LOS ANGELES — Katherine Trejo and her former teacher co-authored a new children’s book about identity and speaking up. The story was inspired by something that happened to Trejo’s nephew, Yefferson.

One day, as she was helping him with his homework, she noticed his name on his assignment was spelled with a “J.” Trejo thought to herself that there must have been an adult who made a conscious decision to change his name to start with J.

“That evening, after I helped him with his homework, I put a little note to the teacher and I let the teacher know... if they can please honor the spelling of his name, which is with a ‘Y’ and that they also honor that in the classroom and anywhere else where his name had to be present,” Trejo said.

This incident is just one reason Trejo felt the need to create a tool for children that encouraged them to correct people when their names are mispronounced or misspelled.

“Most importantly, not feel like their name is a burden, you know, and make sure that those around them are constantly being reminded and trying really hard to pronounce their names,” she said.

She wanted to write a book on the subject with her former high school English teacher, Scott Martin-Rowe. He’s now the school librarian at Miguel Contreras Learning Complex in Los Angeles.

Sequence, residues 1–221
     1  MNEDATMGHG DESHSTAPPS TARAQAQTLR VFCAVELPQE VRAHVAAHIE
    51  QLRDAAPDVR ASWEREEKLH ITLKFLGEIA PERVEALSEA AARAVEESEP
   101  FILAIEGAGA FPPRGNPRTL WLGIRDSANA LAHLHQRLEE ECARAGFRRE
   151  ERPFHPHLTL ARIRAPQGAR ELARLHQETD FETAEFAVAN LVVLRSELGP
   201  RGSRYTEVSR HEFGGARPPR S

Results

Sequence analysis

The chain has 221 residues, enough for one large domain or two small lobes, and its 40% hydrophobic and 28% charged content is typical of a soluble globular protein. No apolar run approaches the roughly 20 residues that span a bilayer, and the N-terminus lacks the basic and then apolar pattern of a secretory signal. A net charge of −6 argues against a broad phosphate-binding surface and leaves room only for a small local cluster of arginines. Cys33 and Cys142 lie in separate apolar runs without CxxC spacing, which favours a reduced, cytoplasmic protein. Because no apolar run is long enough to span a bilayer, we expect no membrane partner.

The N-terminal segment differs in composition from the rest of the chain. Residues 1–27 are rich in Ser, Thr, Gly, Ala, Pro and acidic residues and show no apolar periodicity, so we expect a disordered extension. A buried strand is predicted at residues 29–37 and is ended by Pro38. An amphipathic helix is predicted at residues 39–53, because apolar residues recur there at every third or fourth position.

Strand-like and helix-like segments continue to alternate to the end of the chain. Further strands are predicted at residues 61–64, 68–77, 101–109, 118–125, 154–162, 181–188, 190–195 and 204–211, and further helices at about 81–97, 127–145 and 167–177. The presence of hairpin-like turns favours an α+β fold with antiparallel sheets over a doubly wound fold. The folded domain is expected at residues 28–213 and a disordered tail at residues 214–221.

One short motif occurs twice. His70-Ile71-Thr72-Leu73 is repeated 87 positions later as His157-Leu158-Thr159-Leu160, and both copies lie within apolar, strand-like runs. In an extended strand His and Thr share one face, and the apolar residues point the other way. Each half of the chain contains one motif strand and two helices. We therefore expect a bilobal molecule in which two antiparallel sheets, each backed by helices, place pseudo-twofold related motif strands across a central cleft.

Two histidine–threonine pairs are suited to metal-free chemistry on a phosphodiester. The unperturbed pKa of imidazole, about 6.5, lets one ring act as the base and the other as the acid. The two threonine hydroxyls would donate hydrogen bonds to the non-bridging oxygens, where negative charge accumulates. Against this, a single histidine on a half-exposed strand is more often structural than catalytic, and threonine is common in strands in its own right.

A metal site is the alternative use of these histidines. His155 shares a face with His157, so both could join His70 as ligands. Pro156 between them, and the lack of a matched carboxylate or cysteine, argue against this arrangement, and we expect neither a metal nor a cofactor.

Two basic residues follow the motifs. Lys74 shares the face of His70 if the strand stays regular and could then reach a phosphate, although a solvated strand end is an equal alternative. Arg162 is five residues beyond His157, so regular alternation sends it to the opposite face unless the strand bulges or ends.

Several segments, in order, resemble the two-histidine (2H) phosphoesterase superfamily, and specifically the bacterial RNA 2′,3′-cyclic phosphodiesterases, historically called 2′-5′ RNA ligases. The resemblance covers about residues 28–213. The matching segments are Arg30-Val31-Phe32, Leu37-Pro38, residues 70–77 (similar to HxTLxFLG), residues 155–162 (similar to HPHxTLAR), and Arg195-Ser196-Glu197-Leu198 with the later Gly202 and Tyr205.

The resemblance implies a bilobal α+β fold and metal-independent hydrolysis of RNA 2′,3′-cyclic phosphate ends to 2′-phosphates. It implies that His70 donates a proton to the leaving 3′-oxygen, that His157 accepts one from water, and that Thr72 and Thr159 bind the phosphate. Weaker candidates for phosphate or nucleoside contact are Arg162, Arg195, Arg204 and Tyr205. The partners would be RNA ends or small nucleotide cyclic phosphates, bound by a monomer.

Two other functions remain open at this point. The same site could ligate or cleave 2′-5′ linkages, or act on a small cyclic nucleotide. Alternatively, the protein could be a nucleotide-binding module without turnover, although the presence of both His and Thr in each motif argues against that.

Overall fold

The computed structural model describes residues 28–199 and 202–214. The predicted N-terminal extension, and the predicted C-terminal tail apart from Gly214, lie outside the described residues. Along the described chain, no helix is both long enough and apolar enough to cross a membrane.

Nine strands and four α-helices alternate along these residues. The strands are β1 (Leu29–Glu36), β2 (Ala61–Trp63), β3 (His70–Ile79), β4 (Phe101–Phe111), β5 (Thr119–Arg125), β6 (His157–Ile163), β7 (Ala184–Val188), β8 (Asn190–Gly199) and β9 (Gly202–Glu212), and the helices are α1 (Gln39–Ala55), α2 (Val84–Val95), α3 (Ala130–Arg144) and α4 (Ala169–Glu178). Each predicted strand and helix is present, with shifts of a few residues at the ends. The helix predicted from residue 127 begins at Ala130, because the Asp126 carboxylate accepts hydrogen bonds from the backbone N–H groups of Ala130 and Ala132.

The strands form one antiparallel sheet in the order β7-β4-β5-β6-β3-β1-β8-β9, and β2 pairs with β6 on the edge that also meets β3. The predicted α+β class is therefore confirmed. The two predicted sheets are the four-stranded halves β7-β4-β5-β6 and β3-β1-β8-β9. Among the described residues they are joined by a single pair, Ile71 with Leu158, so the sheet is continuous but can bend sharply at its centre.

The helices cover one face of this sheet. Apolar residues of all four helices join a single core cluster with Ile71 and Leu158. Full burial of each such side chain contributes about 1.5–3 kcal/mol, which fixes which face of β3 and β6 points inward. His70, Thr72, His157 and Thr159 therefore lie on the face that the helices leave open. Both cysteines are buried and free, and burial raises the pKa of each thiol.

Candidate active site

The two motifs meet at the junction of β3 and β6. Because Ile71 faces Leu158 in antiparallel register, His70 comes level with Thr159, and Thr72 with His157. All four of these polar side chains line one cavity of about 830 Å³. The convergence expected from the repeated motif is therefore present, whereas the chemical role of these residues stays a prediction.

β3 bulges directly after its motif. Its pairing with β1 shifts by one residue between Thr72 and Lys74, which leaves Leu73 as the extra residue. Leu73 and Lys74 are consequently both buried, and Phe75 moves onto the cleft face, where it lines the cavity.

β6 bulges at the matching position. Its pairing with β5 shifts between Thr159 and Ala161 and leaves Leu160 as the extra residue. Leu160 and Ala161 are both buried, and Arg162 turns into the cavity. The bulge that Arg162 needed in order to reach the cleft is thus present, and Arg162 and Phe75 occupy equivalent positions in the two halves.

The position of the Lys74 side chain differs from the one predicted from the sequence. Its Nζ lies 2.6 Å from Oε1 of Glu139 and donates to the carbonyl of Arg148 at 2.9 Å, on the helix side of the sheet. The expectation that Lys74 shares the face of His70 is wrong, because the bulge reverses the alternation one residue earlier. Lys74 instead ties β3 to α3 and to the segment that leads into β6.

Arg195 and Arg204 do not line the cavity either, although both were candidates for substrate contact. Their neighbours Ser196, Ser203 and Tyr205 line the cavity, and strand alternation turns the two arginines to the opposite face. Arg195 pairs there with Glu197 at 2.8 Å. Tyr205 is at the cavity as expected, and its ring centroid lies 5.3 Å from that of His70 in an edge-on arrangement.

While he thought it was a great idea and was honored that she asked him, he initially said “no.”

He told her the idea was great, but asked why she didn’t just write it on her own. But Trejo persisted and together, they came up with the story of Yefferson.

For Martin-Rowe, the story was not just important for him as an educator, but also as a parent. He has four children who he adopted who are Black and Latino.


“I want them to see themselves in books. Everybody should be able to pick up a book and see themselves in it, especially kids,” he said.

For Trejo, the illustrations and terms used were important as a first-generation Salvadoran-American.

“We’ve gotten some really great feedback from Salvadorans and Central Americans just being so excited about having a book where they can see their culture and multi-generational families represented,” Trejo said.

As for Yefferson, he builds up the confidence to speak up and inspires others to do the same.